The knowledge audit attempted to address the most critical knowledge requirements of a South African retail bank. The results of the knowledge audit were released to the employees of the bank for feedback and review. Key to the success of any knowledge management initiative is to link knowledge processes to specific business objectives that are recognised as providing distinct benefits or significant value to the enterprise. Based on the findings of the audit, the bank’s chief executive officer allocated a significant amount of funds to the implementation of the knowledge management strategy. The knowledge audit helped to make the knowledge in the bank visible and helped the bank to understand the value and contribution of knowledge to the organisational performance. It also identified knowledge that is not currently being used to good advantage. Knowledge management training was provided to all employees. Training at a specialist level was provided to the knowledge management team and training at introductory and intermediate levels was provided to the other employees. This included an explanation of the basic concepts and approaches to knowledge management so that employees could set a context and familiarise themselves with the knowledge management tools that will be applied.

A knowledge audit forms the basis for the formulation of a knowledge management strategy. Based on the results of the audit, it is important that the bank creates a five-year plan to implement the knowledge management strategy. This plan should include the identification of deliverables, the interim milestones and targets, the risks to managing knowledge, the impact of knowledge management, measures of success and the roles and responsibilities of employees. It is also very important to align the knowledge management strategy with the bank’s training and development agenda.

The knowledge audit has provided insights into the current strengths and weaknesses in the areas of knowledge management and organisational learning. The bank is highly experienced in supporting external parties in their knowledge development and learning. Respondents report that employees reinvent the wheel in different places in the bank and spend too much time finding out what the bank already knows or what is available. Respondents expressed the assumption that this creates efficiency and quality risks. The interviews demonstrated that employees see much room for improvement. The lack of a knowledge management strategy has led to several business unit-specific initiatives, some of which are keen to implement a solution as a matter of urgency. Whilst the commitment to knowledge management is likely to be positive for the enterprise knowledge management initiative, the risk exists that the business units will drive their own initiatives forward in isolation if their knowledge requirements are not met quickly by the enterprise-wide initiative. Initial efforts should be focused on the development of an enterprise-wide knowledge base – a one-stop solution for all employees as users – that will provide insights about the employees, customers (and potential customers), industries and services and products. This knowledge base must provide a single point of access to all the knowledge required by the users. Once the knowledge management strategy is formulated and implemented, the knowledge management initiative can be broadened to incorporate more sophisticated knowledge management solutions.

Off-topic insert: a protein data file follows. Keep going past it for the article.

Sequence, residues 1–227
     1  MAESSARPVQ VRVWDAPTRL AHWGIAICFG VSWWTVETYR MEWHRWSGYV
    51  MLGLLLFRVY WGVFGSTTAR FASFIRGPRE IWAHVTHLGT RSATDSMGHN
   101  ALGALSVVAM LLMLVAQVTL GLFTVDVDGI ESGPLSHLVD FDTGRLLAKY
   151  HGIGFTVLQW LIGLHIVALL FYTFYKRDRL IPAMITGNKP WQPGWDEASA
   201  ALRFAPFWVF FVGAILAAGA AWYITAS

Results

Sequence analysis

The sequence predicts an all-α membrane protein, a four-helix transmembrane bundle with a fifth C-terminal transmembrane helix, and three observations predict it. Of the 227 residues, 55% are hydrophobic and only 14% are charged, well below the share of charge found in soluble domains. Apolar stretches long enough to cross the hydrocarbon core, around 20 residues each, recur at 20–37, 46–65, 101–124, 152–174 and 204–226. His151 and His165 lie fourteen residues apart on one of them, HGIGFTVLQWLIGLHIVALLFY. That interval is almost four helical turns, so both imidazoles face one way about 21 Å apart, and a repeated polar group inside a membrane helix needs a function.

As previously stated, few methodologies to conduct a knowledge audit are described. The knowledge audit conducted for the retail bank can be described as an audit that provided evidence-based knowledge of the bank’s current knowledge status and served as a launch pad for an effective, rational and well-planned knowledge management strategy.

Acknowledgements

Competing interests
The author declares that she has no financial or personal relationship(s) that may have inappropriately influenced her in writing this article.